Do you write program notes with ease?
Do you have a process that works?
Here are a few ideas that might help:
Remember when you wrote stories in grade school? Most of the time, the teacher provided topic suggestions. Those guidelines helped us find a way to start writing.
Don’t just stare at a blank screen! You’ll be there for hours!
Write for the people in your audience
When you write with people in mind, your notes become friendly and compelling. You are no longer engaged in something that isn’t fun.
Remember who you’re writing for! Unless your notes are to be submitted to your academic department to fulfill a degree requirement, “insider” jargon needs to be eliminated.
Don’t try to be perfect
You can play around from program to program, noticing the results. Are you getting the type of feedback you thought you might hear? Are audience members approaching you to comment or ask questions? Over time, you can work on your approach.
Be interesting, maybe even funny
People will appreciate your efforts to be informative without sounding like a history book. Use words that non-musicians can understand. You can always introduce a new term or two. Don’t make people look anything up just so they can understand your notes.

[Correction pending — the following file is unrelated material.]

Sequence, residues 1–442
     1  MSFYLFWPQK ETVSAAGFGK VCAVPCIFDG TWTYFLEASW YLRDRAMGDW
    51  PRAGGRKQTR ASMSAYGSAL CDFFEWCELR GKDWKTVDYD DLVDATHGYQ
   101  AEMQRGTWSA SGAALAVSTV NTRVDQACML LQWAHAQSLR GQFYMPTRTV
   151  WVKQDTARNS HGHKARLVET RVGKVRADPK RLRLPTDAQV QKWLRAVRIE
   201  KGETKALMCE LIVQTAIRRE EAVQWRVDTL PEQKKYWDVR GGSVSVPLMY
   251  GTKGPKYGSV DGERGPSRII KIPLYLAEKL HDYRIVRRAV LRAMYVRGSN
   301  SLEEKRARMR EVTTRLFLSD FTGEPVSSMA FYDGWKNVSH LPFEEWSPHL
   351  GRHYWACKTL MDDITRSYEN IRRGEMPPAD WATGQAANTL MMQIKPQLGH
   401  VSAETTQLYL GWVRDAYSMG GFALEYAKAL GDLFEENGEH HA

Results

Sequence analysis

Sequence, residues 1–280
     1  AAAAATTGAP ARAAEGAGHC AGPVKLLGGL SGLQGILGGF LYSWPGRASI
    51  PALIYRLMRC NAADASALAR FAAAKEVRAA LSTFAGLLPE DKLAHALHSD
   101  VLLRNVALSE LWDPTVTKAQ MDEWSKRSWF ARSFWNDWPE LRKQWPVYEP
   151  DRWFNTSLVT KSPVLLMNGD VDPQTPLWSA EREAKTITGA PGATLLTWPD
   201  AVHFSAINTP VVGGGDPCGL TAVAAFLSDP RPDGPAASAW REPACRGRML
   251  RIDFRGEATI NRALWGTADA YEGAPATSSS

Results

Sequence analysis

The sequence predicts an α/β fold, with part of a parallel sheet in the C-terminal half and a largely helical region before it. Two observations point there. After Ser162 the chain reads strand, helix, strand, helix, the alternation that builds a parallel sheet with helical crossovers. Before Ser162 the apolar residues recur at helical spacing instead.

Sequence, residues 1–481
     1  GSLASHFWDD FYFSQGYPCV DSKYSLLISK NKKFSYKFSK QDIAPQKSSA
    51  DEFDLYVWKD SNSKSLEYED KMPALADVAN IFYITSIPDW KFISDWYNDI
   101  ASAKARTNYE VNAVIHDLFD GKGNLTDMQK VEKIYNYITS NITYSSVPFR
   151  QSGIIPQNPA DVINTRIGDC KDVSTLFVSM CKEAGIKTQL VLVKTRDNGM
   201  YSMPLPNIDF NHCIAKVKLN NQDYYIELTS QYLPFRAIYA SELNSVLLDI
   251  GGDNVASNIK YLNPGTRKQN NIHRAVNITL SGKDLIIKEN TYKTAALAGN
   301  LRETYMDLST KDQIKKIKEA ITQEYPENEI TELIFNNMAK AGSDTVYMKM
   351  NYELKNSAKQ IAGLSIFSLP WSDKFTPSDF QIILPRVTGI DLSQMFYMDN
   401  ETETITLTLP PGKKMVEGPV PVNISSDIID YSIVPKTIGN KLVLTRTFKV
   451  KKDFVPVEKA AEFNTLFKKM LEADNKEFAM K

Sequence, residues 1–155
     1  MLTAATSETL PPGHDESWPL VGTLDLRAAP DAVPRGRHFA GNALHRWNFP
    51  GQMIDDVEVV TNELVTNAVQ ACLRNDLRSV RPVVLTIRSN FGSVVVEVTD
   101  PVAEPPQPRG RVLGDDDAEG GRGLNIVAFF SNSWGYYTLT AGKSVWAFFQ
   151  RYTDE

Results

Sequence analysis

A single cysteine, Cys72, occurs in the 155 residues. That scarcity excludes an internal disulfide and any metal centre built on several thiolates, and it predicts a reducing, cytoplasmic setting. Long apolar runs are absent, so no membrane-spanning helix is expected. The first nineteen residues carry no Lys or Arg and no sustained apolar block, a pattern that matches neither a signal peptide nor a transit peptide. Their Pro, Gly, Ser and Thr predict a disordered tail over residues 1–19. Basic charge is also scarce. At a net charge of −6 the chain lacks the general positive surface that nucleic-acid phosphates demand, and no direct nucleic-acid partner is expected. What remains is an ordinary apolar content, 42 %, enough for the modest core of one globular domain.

Have you ever been to a major concert where the performer’s bio is so long you stopped reading? I have. No matter how accomplished you are or how much knowledge you have, don’t include every last detail!
When I perform Debussy’s “Children’s Corner,” I include 2-or 3-line stories about each piece in the program. Some information is from the score; some of it I made up.
In music commentary for the church bulletin, I look for the most interesting part of each composer’s biography as it might relate to the congregation. Next Sunday’s anthem was written by a composer who was born in Maine and lived in the East throughout his life. Since the church is in Massachusetts, people will be happy to see that.
In addition, our anthem composer wrote a Sunday School song that everyone sang when they were kids. When people read that, they will feel like they almost know him! That’s the goal, to remove him from the obscurity of the encyclopedia and the picture of the man with the long beard from the 1800’s.
The postlude this week is written as a canon with an ostinato bass. As most people are likely unfamiliar with the word “ostinato,” my comments explain that the first few notes of the tune are repeated to form exactly that. Using the term without explanation would be a turn-off.
Should I have a performance in an academic situation, my notes would be somewhat more formal. But I would still avoid being too dry and too lengthy.
Still not sure?
Read your notes aloud. Find someone to read them to. If that person has questions, that will help you to simplify your writing (without talking down to your audience).